In West Indian in the West, Percy Hintzen draws on extensive ethnographic work with the West Indian community in the San Francisco Bay area to illuminate the ways in which social context affects ethnic identity formation. The memories, symbols, and images with which West Indians identify in order to differentiate themselves from the culture which surrounds them are distinct depending on what part of the U.S. they live in. West Indian identity comes to take on different meanings within different locations in the United States.
In the San Francisco Bay area, West Indians negotiate their identity within a system of race relations that is shaped by the social and political power of African Americans. By asserting their racial identity as black, West Indians make legal and official claims to resources reserved exclusively for African Americans. At the same time, the West Indian community insulates itself from the problems of the black/white dichotomy in the U.S. by setting itself apart.
Hintzen examines how West Indians publicly assert their identity by making use of the stereotypic understandings of West Indians which exist in the larger culture. He shows how ethnic communities negotiate spaces for themselves within the broader contexts in which they live.
Author Biography: Percy C. Hintzen is Associate Professor and Chair of African American Studies and former Director of Peace and Conflict Studies, University of California at Berkeley He is the author of The Costs of Regime Survival: Racial Mobilization, Elite Domination, and Control of the State in Guyana and Trinidad.
|Publisher:||New York University Press|
|Product dimensions:||6.00(w) x 9.00(h) x 0.60(d)|
About the Author
Percy C. Hintzen is Associate Professor and Chair of African American Studies and former Director of Peace and Conflict Studies, University of California at Berkeley He is the author of The Costs of Regime Survival: Racial Mobilization, Elite Domination, and Control of the State in Guyana and Trinidad.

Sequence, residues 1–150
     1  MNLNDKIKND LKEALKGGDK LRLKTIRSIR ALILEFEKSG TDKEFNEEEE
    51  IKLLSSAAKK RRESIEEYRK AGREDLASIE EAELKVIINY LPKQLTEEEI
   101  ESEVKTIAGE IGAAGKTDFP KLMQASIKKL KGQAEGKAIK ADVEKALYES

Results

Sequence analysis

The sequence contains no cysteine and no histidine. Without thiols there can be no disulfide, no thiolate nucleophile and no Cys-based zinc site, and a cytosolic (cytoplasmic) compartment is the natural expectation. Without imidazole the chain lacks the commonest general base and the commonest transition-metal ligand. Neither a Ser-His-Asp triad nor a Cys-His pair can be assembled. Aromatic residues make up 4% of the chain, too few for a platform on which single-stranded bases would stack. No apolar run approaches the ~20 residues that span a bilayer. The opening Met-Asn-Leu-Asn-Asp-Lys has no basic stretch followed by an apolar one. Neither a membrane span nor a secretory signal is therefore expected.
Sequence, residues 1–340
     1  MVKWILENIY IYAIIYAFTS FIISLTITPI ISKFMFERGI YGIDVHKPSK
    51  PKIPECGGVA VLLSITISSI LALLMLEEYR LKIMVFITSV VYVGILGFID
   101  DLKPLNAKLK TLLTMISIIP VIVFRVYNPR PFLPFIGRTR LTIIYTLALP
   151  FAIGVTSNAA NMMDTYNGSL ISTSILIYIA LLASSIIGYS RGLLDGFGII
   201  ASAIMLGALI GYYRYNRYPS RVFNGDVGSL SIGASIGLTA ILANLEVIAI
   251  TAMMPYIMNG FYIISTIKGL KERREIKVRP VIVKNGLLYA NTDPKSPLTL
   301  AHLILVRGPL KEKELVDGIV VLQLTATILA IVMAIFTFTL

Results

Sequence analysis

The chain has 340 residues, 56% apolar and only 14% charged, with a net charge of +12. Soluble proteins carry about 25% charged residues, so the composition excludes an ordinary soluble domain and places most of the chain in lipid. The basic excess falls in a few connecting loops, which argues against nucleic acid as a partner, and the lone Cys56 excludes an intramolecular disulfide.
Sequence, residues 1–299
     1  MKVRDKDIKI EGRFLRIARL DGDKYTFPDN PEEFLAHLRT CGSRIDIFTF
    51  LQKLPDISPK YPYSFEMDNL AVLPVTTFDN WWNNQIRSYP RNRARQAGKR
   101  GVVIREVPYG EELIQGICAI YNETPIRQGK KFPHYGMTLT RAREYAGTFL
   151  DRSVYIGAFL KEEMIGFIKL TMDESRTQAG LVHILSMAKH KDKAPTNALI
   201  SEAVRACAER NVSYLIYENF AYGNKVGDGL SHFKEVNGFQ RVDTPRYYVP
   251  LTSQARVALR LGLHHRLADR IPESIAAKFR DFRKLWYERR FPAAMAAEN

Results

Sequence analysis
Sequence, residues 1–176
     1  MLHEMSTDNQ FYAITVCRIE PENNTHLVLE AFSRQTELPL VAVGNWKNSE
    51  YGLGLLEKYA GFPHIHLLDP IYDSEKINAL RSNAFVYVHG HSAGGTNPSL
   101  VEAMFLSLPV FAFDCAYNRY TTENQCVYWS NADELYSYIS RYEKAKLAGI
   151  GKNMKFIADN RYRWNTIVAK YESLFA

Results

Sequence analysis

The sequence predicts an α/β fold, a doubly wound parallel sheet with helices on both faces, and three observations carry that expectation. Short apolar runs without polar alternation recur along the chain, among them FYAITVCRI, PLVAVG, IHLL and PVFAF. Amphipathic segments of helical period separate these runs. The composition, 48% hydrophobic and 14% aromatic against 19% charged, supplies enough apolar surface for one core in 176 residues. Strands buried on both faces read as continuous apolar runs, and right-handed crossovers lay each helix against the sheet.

Table of Contents
|1||Identity, Arena, and Performance: West Indians in San Francisco Bay||9|
|2||Performance and Meaning in West Indian Immigrant Identity: Public Displays of Self-Representation||34|
|3||Promoters of Popular Culture||55|
|4||Negotiating the Black-White Dichotomy: Marrying an African American||88|
|5||Negotiating the Black-White Dichotomy: Images of African Americans||111|
|6||Constructing an Immigrant Identity: Notions of a Permanent Foreigner||163|
|Epilogue: The Construction of Identity||188|
|About the Author||201|
What People are Saying About This
"An extremely interesting work, addressing an important area—the constructed nature of ethnicity. Ethnicity is, in part, a performance—something one does as well as something one is. The West Indians' unique and complex relationship with other African Americans . . . and the question of how and under what circumstances ethnic distinctiveness is emphasized and under what circumstances it is minimized is fascinating. The Bay area context, in which West Indians are vastly outnumbered by African Americans, makes for a new and different take on these issues."
-Philip Kasinitz,author of Caribbean New York: Black Immigrants and the Politics of Race
"Hintzen's detailed anaylsis of West Indians in the western United States opens the door to new understandings of race class boundaries and their role in maintaining social hierarchies and imbalanced social relationships among racial and ethnic groups. This richly textured ethnography will be required reading for scholars on race and immigration for years to come."
-Pedro Noguera,Harvard University Graduate School of Education
"Percy Hintzen has given us an intimate and richly textured portrait of West Indian community and identity in northern California. An important scholar of both global politics and American ethnic studies, Hintzen . . . deftly demonstrates how West Indians navigate the precarious terrain of race and racialization in U.S. society by negotiating their distance from African America."
-Elaine Kim,University of California, Berkeley
"Percy Hintzen's book has made me see so many things afresh. After reading West Indian in West, I see not only life in San Francisco differently, but also life in Brooklyn and in Silicon Valley differently. With subtlety and sensitivity, Hintzen makes us smarter about diasporas, racisms, class aspirations, marriages and public performances in contemporary America. This is an important book."
-Cynthia Enloe,author of Bananas, Beaches, and Bases
"An important contribution to discussions of identity construction in a globalized world and will be enjoyed and debated by students of ethnic studies."